The new joint effort is a notable step—Interpol usually focuses on typical "hard" security issues, such as managing intelligence in order to identify and capture criminal suspects who cross borders and elude national authorities. Inside the UN, the idea of sharing national intelligence remains an attractive but controversial idea. Interpol will help the UN by acting as a middleman for activities that lay beyond the UN's current interests, if not its mandate, by publishing notices for terrorist suspects identified by the UN 1267 committee. In addition, Interpol will provide resources necessary to complete issue special notices, always a welcome offer for an international organization like the UN, plagued by resource problems.

The mandate for this surprising alliance comes from a vague UN pronouncement last July. Security Council resolution 1617 recommended that members states "increase cooperation…as soon as possible share information" and "work within the framework of Interpol." It's not that UN leaders and various members didn't want more fastidious language and action, but as a cooperative group it usually defers to inaction, with exceptions.

Taking a cue from Res. 1617, Interpol responded by passing a resolution of its own, which extended to the UN an offer to issue special notices to Interpol member states about al-Qaeda- and Taliban-associated individuals and entities placed on the UN's list. Today, Interpol issued the fist four such notices, including one for Abu Musab al-Zarqawi.

Via Nathan Newman, an organization called American Rights at Work has just released a new report showing how widespread union-busting is among American employers. Some of the findings:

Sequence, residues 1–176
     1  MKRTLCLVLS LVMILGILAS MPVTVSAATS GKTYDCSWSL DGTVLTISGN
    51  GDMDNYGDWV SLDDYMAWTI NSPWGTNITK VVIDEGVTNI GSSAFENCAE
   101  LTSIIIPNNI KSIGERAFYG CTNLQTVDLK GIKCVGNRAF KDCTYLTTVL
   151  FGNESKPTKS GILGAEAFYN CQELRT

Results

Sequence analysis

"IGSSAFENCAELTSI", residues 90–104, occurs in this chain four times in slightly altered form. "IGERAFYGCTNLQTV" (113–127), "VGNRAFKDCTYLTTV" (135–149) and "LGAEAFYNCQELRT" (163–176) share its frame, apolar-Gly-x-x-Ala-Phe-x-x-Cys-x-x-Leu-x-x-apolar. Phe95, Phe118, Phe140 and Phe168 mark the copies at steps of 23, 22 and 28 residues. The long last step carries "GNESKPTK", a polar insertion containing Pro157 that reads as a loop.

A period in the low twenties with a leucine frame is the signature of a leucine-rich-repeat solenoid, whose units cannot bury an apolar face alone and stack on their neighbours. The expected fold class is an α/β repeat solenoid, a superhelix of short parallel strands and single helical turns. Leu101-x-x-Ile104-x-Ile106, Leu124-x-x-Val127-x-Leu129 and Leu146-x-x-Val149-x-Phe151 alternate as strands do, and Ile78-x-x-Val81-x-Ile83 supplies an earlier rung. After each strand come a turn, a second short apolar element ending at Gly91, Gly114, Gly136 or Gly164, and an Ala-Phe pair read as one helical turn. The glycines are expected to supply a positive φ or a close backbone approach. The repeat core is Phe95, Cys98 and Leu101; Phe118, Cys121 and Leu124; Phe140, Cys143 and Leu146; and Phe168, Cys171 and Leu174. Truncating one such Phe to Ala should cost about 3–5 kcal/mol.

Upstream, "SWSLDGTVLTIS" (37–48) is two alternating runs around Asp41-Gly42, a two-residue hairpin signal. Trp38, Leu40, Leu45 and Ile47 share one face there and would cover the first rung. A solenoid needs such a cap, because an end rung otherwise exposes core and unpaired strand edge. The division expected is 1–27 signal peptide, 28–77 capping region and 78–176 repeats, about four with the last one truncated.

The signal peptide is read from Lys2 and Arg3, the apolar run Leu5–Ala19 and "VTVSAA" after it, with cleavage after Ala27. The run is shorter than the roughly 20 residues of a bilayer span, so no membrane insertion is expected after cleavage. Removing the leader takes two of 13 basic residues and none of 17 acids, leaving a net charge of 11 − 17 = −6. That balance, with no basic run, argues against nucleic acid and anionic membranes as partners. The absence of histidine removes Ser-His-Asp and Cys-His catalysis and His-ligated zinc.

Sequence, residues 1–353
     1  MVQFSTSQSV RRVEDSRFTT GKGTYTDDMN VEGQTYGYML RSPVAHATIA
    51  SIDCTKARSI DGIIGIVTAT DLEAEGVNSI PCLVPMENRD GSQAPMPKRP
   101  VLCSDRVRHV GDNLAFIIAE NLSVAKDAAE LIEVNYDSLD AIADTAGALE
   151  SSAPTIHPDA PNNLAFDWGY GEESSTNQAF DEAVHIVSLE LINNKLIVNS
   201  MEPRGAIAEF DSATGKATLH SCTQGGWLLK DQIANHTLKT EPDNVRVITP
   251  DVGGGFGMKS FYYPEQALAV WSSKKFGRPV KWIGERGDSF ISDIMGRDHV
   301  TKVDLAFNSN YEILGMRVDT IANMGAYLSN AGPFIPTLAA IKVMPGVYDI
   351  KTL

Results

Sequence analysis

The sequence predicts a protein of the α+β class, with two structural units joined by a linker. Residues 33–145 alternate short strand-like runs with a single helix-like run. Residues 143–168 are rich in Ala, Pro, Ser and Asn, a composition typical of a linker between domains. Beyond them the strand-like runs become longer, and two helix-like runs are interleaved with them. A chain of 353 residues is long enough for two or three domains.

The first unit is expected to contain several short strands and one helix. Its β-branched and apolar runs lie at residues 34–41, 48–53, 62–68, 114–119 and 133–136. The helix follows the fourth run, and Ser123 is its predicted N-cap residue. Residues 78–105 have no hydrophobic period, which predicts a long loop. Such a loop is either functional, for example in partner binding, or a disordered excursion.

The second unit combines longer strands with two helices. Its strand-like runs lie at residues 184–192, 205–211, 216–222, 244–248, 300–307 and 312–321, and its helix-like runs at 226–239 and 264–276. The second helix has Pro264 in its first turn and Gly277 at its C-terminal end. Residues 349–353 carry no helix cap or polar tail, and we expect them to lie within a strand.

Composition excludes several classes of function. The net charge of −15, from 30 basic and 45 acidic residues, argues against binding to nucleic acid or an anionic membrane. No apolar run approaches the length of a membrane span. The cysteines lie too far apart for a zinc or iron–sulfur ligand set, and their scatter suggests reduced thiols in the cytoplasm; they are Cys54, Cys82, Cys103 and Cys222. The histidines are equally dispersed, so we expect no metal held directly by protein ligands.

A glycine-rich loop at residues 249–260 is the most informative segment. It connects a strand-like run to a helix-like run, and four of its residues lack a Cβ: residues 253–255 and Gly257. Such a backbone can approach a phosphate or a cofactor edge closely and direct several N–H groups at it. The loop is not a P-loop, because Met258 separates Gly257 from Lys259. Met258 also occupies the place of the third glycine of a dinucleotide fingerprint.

• 30% of employers fire pro-union workers.
  • 49% of employers threaten to close a worksite when workers try to form a union.
  • 51% of employers coerce workers into opposing unions with bribery or favoritism.
  • 82% of employers hire unionbusting consultants to fight organizing drives.
  • 91% of employers force employees to attend one-on-one anti-union meetings with supervisors.
  • As Nathan says, a majority of American workers would likely join a union if given the option. Most aren't given the option. ARW argues that major changes to labor law are needed to change this—including establishing "card checks" as a process for union organization, whereby a workplace would be unionized if a majority of workers simply signed a card, plus much tougher penalties for any employer that violated labor laws. But there's also something of a catch-22 here: Effective pro-labor legislation will be very difficult to pass in Congress without a strong labor movement agitating for it, but it's hard for the labor movement to become strong so long as the law is biased against unions.